Let me lay out a scenario for you, one that you may have seen before. The heroes are flying their spaceship through enemy forces, far out numbered, dodging strikes left and right. With luck and the skill of their awesome pilot, they make it through and crash land on the planet below. It's near the end of the movie so you're sitting on the edge of your seat wondering if they're all going to make it through the crash - and they do, coming to a complete stop. But before they and you can finish cheering, the pilot is interrupted mid-sentence by a flying projectile. He's killed on impact, and he's one of the main characters.
Poor Wash. The Serenity crew didn't even realize that they were still in super immediate danger, and neither did I. In that moment I felt bewildered, perhaps a little betrayed, but I couldn't say that it wasn't realistic. It was a surprise, but was it too much?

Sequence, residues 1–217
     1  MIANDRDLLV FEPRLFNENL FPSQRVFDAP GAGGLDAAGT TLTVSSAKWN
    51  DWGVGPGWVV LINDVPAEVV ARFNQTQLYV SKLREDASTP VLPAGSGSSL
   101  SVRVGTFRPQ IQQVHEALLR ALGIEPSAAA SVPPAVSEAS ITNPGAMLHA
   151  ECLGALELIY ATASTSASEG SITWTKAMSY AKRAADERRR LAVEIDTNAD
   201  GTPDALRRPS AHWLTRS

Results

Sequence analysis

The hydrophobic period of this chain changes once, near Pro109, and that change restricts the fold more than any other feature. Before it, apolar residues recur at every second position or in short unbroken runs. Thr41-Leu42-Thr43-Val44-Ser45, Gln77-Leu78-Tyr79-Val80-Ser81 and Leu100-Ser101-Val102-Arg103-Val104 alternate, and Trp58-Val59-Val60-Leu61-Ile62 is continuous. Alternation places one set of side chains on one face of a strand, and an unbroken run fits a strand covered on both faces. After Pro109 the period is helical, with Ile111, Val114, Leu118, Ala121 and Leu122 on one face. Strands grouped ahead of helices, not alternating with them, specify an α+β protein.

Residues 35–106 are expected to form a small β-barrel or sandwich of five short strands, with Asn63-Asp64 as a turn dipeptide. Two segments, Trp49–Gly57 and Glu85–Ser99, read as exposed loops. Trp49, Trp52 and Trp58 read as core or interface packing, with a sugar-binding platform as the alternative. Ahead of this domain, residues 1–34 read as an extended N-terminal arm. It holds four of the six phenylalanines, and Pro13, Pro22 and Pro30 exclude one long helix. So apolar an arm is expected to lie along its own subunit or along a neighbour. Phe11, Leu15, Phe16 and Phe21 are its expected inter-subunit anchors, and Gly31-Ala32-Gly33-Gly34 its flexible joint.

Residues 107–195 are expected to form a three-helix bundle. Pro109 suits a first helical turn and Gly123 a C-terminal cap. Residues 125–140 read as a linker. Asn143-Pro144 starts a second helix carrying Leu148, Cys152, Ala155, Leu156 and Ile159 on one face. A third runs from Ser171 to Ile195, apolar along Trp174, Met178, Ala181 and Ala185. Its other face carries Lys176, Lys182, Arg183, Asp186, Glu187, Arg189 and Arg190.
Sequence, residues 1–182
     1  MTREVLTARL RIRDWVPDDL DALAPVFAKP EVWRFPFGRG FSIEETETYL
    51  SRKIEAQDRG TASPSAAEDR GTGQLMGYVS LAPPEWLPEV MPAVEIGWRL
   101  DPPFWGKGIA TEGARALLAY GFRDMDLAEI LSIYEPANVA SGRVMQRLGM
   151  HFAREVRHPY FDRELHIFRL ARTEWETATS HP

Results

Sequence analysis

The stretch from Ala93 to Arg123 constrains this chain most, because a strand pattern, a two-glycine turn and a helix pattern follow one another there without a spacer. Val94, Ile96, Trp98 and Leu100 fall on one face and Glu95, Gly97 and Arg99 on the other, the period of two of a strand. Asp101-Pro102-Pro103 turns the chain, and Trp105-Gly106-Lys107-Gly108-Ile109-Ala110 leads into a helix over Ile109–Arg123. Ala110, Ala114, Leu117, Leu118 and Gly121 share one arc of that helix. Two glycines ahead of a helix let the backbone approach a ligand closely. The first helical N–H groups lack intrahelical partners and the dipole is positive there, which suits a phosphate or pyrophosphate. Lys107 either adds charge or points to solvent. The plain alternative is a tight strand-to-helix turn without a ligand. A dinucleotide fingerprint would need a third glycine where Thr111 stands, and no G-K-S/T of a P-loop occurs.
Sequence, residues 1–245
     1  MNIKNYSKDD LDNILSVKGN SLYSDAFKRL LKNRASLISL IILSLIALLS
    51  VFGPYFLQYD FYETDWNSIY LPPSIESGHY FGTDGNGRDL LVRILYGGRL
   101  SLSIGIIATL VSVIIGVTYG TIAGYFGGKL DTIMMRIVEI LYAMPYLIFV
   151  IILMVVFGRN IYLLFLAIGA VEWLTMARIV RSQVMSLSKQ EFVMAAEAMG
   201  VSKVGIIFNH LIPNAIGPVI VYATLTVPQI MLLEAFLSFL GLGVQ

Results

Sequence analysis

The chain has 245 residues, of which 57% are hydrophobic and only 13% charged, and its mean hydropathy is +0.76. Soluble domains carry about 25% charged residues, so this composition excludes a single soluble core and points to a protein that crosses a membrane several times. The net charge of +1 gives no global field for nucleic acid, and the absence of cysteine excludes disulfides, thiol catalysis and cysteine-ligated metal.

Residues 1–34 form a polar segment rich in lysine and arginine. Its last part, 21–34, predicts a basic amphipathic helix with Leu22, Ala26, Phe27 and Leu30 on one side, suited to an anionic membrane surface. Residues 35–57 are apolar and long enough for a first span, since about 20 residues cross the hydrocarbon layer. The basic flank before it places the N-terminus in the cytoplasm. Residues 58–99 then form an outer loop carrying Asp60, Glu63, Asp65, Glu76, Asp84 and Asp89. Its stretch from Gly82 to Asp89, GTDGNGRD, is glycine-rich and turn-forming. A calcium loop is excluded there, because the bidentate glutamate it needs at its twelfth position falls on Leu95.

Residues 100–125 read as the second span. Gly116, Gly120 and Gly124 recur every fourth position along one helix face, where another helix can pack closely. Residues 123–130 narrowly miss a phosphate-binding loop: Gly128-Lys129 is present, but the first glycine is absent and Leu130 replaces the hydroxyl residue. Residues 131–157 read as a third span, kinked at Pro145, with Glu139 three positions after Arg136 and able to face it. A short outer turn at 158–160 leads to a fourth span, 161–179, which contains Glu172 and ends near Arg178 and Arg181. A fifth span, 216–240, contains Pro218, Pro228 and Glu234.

What makes a surprise too big? Is it when it happens, who it happens to, how it effects the story, or a lack of forewarning? What's the biggest gotcha you'd be willing to pull on your readers, and what would you do to prepare or console them? Would you risk being the writer that the reader hates to love?
Feel free to answer/ramble in the comments. If the question inspires a Flash Friday or something similar, feel free to link to your story in the comments and please link back to here on the applicable webpage.
Ready. Set. GO.